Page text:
Rochdale Canal

The Rochdale Canal crosses the rugged heights of the Pennines from Manchester to Sowerby Bridge. The steep climb means lots of locks and an exhausting but exhilarating journey with stunning views.

View down locks along Rochdale Canal Rochdale Canal
Rochdale Canal  
Length 32 miles
Locks 91 
Maximum boat dimensions
Guide only - weather conditions affect water levels
  • Length
  • Width
  • Draught
  • Headroom
  • 21.96m 72ft
  • 2.91m 9ft 5"
  • 1.19m 3ft 9"
  • 1.83m 6ft

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For boaters, this canal is a peaceful place to escape the crowds. The towpath is probably the easiest walking route through the Pennines, taking you into the heart of the hills at a relatively gentle gradient. However, there is also plenty of access to more challenging routes for serious hiking.

The Rochdale Canal re-opened to boats in 2002 after an ambitious volunteer restoration project that brought an end to more than 50 years without through navigation. Obstacles had included two motorways, countless road blockages and a scheme to fill the channel with concrete.

Days out along the Rochdale Canal

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The Rochdale Canal history

In 1804, the Rochdale became the first of our three trans-Pennine canals to be fully opened - perhaps due to the choice of a route over the top of the Pennines, avoiding the problems with tunnel construction that had bedevilled the other two waterways.

Principal cargoes included coal, agricultural produce and materials for the textiles industry. The large number of locks on a relatively short length of canal, rising to a height of over 600 feet (180m), meant that water supply was always a problem. Seven reservoirs were built especially to service the line.

Locks were made large enough to accommodate broad-gauge (14ft), boats with commercial payloads of up to 70 tons. All the locks were made with exactly the same fall: this meant all the gates were the same size, making maintenance easier, and conserved water by using the same amount of water for each lock operation.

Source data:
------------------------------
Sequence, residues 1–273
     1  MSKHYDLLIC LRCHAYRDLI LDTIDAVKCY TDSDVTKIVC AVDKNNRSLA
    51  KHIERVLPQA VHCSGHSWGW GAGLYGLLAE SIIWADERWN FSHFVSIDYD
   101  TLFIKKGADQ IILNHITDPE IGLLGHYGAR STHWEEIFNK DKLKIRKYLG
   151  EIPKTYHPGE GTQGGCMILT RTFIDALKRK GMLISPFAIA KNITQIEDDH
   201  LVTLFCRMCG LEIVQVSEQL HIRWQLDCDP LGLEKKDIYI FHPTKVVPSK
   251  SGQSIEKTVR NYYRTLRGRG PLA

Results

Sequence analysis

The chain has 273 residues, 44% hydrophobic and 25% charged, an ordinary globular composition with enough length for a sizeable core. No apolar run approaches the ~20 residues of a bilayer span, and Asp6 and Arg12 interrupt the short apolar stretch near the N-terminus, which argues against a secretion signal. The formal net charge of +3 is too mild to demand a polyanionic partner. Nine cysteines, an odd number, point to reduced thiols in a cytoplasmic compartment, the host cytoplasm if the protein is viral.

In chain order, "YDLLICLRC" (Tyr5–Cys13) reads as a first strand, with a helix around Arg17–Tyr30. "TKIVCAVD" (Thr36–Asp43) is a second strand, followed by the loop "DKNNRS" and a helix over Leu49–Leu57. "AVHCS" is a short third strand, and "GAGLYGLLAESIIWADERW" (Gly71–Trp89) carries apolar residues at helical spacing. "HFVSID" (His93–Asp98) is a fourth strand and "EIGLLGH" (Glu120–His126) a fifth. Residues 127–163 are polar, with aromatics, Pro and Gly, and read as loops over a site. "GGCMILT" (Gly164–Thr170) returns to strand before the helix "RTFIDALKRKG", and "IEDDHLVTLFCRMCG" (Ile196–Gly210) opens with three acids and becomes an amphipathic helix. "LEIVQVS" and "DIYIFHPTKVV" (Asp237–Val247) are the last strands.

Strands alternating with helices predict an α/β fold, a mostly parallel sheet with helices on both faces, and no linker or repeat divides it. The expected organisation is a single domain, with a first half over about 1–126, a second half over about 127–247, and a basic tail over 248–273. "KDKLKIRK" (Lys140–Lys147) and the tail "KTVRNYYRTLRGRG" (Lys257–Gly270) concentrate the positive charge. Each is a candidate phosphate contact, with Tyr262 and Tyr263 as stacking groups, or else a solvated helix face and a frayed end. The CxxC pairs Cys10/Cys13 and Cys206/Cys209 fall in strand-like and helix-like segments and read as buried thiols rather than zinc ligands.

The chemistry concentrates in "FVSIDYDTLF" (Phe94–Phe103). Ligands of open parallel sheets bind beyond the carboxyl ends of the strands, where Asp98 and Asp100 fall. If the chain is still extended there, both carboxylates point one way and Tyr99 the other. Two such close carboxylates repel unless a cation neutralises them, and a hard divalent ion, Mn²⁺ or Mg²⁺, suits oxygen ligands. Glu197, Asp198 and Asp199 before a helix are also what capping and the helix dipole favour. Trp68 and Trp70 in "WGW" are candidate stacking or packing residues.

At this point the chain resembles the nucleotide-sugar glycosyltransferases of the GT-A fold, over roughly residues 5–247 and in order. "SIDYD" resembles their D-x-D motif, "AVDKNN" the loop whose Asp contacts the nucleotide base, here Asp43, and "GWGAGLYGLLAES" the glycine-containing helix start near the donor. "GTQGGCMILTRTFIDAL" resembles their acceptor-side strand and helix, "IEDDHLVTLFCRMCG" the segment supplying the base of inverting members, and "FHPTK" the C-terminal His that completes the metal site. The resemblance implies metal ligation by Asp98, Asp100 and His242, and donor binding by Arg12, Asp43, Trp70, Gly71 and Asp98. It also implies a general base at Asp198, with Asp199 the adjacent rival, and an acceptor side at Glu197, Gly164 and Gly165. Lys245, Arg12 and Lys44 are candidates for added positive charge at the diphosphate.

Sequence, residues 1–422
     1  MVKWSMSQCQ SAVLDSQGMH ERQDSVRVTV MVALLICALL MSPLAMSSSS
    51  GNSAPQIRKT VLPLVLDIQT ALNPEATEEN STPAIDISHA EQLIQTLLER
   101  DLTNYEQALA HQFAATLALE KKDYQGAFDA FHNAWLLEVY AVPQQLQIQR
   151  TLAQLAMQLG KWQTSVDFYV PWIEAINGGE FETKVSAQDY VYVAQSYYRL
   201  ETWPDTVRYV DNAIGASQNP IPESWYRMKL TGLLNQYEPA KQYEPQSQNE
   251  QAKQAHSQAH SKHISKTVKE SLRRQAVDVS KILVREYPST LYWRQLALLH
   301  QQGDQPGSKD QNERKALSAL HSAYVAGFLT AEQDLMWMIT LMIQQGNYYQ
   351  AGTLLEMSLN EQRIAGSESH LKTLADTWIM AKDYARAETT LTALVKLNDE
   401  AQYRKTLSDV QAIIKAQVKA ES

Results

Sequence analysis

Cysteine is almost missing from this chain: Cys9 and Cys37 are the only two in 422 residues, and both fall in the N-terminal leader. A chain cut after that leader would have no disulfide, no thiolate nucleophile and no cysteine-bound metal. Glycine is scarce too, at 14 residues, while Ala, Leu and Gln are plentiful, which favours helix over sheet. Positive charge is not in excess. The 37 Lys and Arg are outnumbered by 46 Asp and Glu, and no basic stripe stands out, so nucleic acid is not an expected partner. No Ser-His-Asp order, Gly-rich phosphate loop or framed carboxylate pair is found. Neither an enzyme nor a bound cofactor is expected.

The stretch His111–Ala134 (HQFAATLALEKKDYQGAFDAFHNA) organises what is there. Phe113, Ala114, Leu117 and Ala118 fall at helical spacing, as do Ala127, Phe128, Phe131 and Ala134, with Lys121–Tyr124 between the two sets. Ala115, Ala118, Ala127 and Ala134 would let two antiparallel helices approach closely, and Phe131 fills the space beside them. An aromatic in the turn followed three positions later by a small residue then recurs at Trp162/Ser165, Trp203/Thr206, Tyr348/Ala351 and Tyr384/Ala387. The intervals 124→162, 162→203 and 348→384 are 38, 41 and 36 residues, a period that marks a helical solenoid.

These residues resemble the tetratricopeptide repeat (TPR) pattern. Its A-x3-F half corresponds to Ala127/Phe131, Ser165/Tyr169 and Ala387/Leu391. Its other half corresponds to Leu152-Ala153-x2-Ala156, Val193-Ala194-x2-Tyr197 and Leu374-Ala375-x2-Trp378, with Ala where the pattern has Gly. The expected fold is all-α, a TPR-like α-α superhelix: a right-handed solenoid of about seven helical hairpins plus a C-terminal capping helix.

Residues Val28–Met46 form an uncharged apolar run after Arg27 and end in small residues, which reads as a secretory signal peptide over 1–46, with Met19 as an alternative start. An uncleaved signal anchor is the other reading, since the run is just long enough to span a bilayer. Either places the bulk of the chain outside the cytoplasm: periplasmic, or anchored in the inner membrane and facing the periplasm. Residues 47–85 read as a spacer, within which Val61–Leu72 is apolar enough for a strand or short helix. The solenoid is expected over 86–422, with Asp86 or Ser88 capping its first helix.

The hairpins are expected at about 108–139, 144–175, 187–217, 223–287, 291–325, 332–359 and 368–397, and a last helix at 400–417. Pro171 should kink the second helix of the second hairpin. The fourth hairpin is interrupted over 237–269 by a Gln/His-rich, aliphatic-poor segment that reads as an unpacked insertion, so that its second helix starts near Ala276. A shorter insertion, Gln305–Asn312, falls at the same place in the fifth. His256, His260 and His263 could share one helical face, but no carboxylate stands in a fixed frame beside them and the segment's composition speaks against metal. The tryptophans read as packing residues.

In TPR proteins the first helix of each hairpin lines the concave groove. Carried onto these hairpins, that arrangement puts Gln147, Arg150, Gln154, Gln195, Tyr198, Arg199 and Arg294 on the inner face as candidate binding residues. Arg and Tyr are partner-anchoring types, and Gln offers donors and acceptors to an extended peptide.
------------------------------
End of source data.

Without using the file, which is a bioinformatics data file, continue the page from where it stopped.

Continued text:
The canal proved a success until the combined effects of road and the decline in traditional industries took their inevitable toll. The last regular through-traffic ended just before World War II, and by the 1950s commercial carrying had virtually ceased altogether. Unusually, the canal had not been nationalised in 1948, and remained in private ownership.

The canal closed as a through route just four years later. One short length remained: the nine locks in central Manchester between the Ashton Canal and the Bridgewater Canal, which was an essential part of the Cheshire Cruising Ring.

Restoration work on the Rochdale Canal began in the 1970s, and the following decade saw much of the canal reopened on the Yorkshire side from Littleborough eastwards. This was reconnected to the waterway network in 1996 by the glorious new lock at Tuel Lane near Sowerby Bridge, which combines two earlier locks so that the canal may tunnel under a road built on its original level. At almost 20 feet (6m) deep, it vies with Bath Deep Lock for the title of the deepest lock in Britain.

Restoration of the Rochdale Canal entailed the total refurbishment of 24 locks, the cutting of a new section of channel, massive dredging of the original line and the construction of 12 new road bridges. It was reopened throughout in 2002 and now, together with the reopened Huddersfield Narrow Canal, forms part of the South Pennine Cruising Ring.